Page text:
Nonalcoholic beer

Low- or non-alcoholic beers were first produced in the United States more than eighty years ago (during Prohibition), and have been available ever since. However, the relatively low demand for these products did not drive the industry to devote very much research effort into new technologies. Due to a marked increase in the consumer demand for low- or non-alcohol products, the technology for making these beers has improved dramatically in the last decade.The quality of these beers, not surprisingly, has also improved (although there are still many detractors who would argue otherwise), as has the availability of many different domestic and imported products.

Non-alcoholic beers must contain less than 0.5% ethanol. Historically, several different processes have been used to produce nonalcoholic beer. The earliest methods generally involved removing the ethanol from normal beer by evaporation or distillation. Although these methods are still used, various filtration configurations, in particular, dialysis and reverse osmosis, are now more widely used. Beer quality is arguably much better by the latter processes because they operate at low temperatures (<10°C) and the heat-generated reactions that affect flavor do not occur.

In reverse osmosis systems, the beer is pumped or circulated at high pressure (more than 5,000 Pascals) through small pore membranes with average molecular weight cutoffs of less than 0.01 ^m.The ethanol molecules pass through the membrane as part of the permeate, along with a portion of the water. The retentate contains nearly all of the beer solids and most of the water, but little or none of the ethanol. Water can either be added back to its normal level, or the beer can be diluted beforehand to account for the water lost from the retentate. Dialysis operates in a similar manner, except that the driving force is simply the concentration difference across the membrane. Despite the less intrusive nature of these processes, however, flavor compounds may still be lost.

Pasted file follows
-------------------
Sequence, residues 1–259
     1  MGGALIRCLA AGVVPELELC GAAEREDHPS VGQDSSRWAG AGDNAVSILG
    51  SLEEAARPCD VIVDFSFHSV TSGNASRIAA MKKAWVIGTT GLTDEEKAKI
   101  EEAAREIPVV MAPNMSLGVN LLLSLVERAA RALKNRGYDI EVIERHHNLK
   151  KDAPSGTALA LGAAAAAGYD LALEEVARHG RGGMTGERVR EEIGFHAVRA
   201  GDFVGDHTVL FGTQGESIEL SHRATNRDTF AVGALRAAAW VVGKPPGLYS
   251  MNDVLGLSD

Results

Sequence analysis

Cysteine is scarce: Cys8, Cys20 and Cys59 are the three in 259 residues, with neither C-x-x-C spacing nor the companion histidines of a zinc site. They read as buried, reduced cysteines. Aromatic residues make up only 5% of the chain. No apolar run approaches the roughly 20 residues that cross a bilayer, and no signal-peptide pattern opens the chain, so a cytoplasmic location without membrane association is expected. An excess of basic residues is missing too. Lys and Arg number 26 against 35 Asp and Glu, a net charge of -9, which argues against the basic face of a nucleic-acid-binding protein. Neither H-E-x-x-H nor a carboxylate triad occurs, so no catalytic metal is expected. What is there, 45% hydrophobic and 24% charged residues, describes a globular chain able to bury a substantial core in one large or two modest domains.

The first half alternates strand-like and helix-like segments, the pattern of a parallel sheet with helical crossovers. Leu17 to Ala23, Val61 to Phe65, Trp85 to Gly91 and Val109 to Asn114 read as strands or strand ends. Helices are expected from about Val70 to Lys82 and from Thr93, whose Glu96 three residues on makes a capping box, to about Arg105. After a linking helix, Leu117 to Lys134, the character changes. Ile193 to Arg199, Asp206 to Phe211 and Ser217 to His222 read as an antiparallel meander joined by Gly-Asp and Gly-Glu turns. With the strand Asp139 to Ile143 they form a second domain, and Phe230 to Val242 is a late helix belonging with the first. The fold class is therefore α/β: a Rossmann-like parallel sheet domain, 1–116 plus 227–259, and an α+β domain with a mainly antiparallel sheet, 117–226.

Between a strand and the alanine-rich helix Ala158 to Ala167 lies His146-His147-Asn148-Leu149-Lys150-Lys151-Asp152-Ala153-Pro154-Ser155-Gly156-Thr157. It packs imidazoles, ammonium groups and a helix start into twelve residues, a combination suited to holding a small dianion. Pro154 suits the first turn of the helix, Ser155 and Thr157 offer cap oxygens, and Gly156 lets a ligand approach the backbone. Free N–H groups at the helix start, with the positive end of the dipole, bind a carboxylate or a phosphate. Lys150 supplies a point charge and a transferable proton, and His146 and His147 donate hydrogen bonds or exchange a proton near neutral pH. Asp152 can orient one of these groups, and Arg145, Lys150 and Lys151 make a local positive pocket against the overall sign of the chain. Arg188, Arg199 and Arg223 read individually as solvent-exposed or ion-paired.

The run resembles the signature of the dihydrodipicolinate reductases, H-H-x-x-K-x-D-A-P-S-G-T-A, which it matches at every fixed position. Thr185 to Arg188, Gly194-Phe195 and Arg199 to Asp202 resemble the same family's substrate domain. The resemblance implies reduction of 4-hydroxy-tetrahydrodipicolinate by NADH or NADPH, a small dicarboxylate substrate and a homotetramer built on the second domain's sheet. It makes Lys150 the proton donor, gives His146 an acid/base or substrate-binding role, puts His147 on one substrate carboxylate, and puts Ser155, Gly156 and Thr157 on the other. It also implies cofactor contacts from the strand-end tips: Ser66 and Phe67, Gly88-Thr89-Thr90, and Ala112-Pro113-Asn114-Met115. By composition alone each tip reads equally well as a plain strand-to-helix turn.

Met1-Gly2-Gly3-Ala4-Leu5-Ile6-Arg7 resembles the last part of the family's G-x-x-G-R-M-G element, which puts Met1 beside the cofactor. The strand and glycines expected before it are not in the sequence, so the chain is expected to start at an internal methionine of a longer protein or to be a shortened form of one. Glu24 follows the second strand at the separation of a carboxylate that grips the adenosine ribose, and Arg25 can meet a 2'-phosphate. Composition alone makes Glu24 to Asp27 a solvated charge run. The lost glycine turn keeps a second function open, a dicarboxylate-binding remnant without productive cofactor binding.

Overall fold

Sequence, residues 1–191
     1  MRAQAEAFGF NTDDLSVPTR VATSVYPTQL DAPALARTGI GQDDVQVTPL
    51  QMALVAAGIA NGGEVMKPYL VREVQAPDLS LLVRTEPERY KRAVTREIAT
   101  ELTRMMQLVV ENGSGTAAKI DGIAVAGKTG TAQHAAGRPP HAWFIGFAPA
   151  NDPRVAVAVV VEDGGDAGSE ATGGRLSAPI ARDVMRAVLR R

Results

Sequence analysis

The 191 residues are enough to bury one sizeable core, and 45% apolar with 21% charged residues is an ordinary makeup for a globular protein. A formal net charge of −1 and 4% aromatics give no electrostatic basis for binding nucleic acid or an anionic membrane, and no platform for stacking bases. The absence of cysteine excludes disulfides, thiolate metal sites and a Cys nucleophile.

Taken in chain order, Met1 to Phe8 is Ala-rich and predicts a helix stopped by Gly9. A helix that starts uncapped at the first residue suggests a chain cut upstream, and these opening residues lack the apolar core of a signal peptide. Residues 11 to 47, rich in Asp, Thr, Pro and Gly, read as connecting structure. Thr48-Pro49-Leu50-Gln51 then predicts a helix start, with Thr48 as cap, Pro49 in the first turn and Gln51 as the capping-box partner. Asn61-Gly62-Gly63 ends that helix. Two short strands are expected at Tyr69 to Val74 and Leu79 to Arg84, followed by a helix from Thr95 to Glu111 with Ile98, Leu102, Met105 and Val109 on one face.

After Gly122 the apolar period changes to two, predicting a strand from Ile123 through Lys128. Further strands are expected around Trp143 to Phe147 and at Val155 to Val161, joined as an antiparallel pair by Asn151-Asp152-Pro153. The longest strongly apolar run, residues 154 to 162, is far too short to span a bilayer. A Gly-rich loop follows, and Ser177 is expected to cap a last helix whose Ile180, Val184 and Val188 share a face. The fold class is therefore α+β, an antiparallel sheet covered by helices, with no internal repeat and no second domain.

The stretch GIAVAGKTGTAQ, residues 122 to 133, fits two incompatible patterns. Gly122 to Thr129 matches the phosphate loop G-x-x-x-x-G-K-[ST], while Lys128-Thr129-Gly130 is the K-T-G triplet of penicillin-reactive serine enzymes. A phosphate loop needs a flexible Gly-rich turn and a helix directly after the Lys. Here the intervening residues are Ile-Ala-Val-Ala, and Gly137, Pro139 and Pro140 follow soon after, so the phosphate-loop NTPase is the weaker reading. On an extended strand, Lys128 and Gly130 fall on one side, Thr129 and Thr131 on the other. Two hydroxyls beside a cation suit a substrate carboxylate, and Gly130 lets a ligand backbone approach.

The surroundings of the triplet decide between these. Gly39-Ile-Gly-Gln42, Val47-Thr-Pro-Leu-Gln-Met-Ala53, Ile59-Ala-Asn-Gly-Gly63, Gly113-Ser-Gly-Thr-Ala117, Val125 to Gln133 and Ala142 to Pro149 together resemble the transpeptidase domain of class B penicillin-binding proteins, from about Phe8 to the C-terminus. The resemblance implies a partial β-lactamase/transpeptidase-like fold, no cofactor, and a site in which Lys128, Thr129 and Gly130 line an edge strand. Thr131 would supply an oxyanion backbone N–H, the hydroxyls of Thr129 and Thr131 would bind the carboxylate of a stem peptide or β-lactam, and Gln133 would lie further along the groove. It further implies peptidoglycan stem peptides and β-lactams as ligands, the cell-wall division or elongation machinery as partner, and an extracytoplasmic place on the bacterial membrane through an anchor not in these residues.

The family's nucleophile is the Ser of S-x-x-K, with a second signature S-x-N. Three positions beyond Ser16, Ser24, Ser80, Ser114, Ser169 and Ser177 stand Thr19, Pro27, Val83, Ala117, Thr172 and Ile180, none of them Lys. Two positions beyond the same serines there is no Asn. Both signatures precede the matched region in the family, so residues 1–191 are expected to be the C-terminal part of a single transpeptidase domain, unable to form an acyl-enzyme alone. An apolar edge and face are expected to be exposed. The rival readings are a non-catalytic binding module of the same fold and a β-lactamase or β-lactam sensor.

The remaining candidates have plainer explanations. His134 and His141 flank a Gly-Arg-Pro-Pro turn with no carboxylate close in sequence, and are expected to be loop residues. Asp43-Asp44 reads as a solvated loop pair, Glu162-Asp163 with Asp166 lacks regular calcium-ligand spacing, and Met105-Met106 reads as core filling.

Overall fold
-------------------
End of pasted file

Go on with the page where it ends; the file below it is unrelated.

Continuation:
Another entirely different way to make these beers relies not on ethanol removal, but rather on modifying the fermentation so that ethanol is not made as an end product.The fermentation can simply be abbreviated, such that yeast growth is stopped or curtailed before much ethanol has been produced. Alternatively, the fermentation can be conducted at a low temperature (<5°C) that restricts yeast growth and ethanol formation. However, these methods may result in a beer that is too sweet and microbiologically unstable, due to high levels of residual sugars. Modifying the wort composition by removing fermentable sugars prior to fermentation is another way to limit ethanol production. Finally, metabolic engineering of the yeast, such that the ethanol pathway is blocked, may be an ideal way to reduce the ethanol content in beer, but without leaving behind fermentable sugars (Box 9-9).

Brew Your Own Beer

Brew Your Own Beer

Discover How To Become Your Own Brew Master, With Brew Your Own Beer. It takes more than a recipe to make a great beer. Just using the right ingredients doesn't mean your beer will taste like it was meant to. Most of the time it’s the way a beer is made and served that makes it either an exceptional beer or one that gets dumped into the nearest flower pot.

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